I only recently discovered the ability to have multiple home pages in IE . Since then, I've tried to give home pages a shot -- I've been using a blank page for the past 8 or so years. By default, IE comes with a toolbar icon which allows you to open your home pages. The problem I have with this button is that it reuses existing tabs, no matter what your settings are. I'd like this button and the menu items under it to support Ctrl+Click to open them in new tabs.
In Word, when you right click on a word, there's a Synonyms submenu. This typically works great, but when you try to get a synonym of a plural word, the only option you have is to select the singular form of the word. From there you can right click again and select the synonym you want from the Synonyms submenu. Of course, your word is now singular, so you'll have to change it to the plural form. This seemingly easy task is now complicated because of an s. I'd like to see one of two things happen here. (A) Update the built-in thesaurus to understand plural forms of words; or, (B) instead of forcing the user to change the word to its singular form, make that selection a submenu with the related synonyms under it. I can only assume the former would be an easy update since they already know the difference between the singular and plural forms of the word. As for the latter, perhaps a picture would better describe what I'm talking about. On the left, you'll see what Word 2007 does when you right click on a plural word; on the right, you'll see my suggestion, where the singular form is a submenu.
I've taken a look at Expression Design before, but with the new release, I decided to take another look. In the Expression Design (Dec 2006 CTP), there is a workspace zoom, which allows you to display all toolbars at 50-150% their normal size. I think this is a great feature, which speaks to the benefit of vector graphics; however, I don't like the fact that all toolbars use the same zoom level. There are three toolbars in this release: Property Inspector, Layers, and the Toolbox (which, I believe is called something else). The standard size for the Toolbox is too big, in my opinion, so of course I want to dial it down as much as possible. The only problem with this, is that the Property Inspector and Layers toolbars are both affected by this change as well. So, I either have to deal with a larger than desired Toolbox or Property Inspector and Layers toolbars that are too small to read. Obviously, I stick with the former, since it's more palpable; but I'd really like a work-around for this.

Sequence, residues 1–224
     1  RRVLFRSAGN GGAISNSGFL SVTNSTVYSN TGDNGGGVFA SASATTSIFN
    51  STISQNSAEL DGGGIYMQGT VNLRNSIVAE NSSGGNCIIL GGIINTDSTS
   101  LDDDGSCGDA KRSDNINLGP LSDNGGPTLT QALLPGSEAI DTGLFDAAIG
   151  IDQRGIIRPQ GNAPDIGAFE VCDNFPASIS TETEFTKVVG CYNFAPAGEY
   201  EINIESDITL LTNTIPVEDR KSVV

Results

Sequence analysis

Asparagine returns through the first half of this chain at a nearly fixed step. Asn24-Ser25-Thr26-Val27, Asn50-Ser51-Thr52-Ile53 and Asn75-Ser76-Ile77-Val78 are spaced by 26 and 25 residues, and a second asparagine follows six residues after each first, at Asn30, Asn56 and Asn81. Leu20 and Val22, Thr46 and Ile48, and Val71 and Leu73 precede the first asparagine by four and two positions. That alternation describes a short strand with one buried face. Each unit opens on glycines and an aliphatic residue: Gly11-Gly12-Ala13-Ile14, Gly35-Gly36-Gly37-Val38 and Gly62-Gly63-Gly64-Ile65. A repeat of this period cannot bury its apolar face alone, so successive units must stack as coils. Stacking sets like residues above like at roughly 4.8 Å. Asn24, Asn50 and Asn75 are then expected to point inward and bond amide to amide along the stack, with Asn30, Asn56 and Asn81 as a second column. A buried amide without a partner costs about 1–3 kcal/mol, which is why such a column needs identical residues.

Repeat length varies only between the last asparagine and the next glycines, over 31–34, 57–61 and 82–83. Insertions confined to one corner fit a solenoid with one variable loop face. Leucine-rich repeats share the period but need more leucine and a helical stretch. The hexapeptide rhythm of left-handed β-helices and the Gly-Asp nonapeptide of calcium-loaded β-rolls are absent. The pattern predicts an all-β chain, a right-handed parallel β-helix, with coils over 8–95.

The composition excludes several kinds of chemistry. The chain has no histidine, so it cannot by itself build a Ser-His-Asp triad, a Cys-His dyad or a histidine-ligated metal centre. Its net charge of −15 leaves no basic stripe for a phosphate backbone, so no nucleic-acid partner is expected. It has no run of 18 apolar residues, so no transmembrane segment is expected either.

Reported @ https://connect.microsoft.com/feedback/ViewFeedback.aspx?FeedbackID=254143&SiteID=15
I'd love it if the Zune could keep track of any cast feeds I subscribe to. I'd love it if I could connect my Zune and have it automatically download my casts. I'm not sure if that's how the iPods work, it seems ideal.
You've gotta be kidding me, right? I can't delete songs from my Zune? What's up with that!? What if I'm maxed out on the road and someone wants to share something with me? I should be able to delete a song or two from my device. If that's not good enough of a reason, I should at least be able to delete songs I don't like without having to wait until I get back to my computer to do it.
Windows Vista includes search capability in the Windows (aka Start) menu. I love this feature. I've been using tools like Launchy and Slick Run for this type of capability. Part of me wants to go back to the Alt+Space shortcut because I feel like it responds better, but that might simply be in my head. Despite that, Slick Run has the nice capability to add custom commands. I'd like to see this in the Windows menu search. This is, in part, the same thing as having keywords for favorites in IE , but it goes a lot farther.